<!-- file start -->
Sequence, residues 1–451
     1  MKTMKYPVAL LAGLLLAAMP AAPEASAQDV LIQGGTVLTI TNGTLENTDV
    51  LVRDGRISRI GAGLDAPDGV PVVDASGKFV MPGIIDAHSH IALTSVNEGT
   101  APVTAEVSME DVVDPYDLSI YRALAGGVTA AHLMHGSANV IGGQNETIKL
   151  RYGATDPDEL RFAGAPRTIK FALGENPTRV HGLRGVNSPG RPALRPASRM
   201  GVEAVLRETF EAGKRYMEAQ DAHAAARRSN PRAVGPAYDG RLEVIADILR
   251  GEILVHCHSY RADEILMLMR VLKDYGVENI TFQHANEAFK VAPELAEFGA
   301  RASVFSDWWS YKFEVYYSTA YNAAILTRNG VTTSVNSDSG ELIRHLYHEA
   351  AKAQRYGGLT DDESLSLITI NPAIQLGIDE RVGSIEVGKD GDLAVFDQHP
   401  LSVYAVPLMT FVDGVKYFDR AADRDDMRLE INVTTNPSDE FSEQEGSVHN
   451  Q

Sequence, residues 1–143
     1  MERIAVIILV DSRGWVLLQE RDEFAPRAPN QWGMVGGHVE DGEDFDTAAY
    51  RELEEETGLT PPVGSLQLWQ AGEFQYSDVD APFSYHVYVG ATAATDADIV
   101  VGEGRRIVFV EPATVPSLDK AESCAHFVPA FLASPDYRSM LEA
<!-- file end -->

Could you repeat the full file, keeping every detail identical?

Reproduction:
Sequence, residues 1–451
     1  MKTMKYPVAL LAGLLLAAMP AAPEASAQDV LIQGGTVLTI TNGTLENTDV
    51  LVRDGRISRI GAGLDAPDGV PVVDASGKFV MPGIIDAHSH IALTSVNEGT
   101  APVTAEVSME DVVDPYDLSI YRALAGGVTA AHLMHGSANV IGGQNETIKL
   151  RYGATDPDEL RFAGAPRTIK FALGENPTRV HGLRGVNSPG RPALRPASRM
   201  GVEAVLRETF EAGKRYMEAQ DAHAAARRSN PRAVGPAYDG RLEVIADILR
   251  GEILVHCHSY RADEILMLMR VLKDYGVENI TFQHANEAFK VAPELAEFGA
   301  RASVFSDWWS YKFEVYYSTA YNAAILTRNG VTTSVNSDSG ELIRHLYHEA
   351  AKAQRYGGLT DDESLSLITI NPAIQLGIDE RVGSIEVGKD GDLAVFDQHP
   401  LSVYAVPLMT FVDGVKYFDR AADRDDMRLE INVTTNPSDE FSEQEGSVHN
   451  Q

Sequence, residues 1–143
     1  MERIAVIILV DSRGWVLLQE RDEFAPRAPN QWGMVGGHVE DGEDFDTAAY
    51  RELEEETGLT PPVGSLQLWQ AGEFQYSDVD APFSYHVYVG ATAATDADIV
   101  VGEGRRIVFV EPATVPSLDK AESCAHFVPA FLASPDYRSM LEA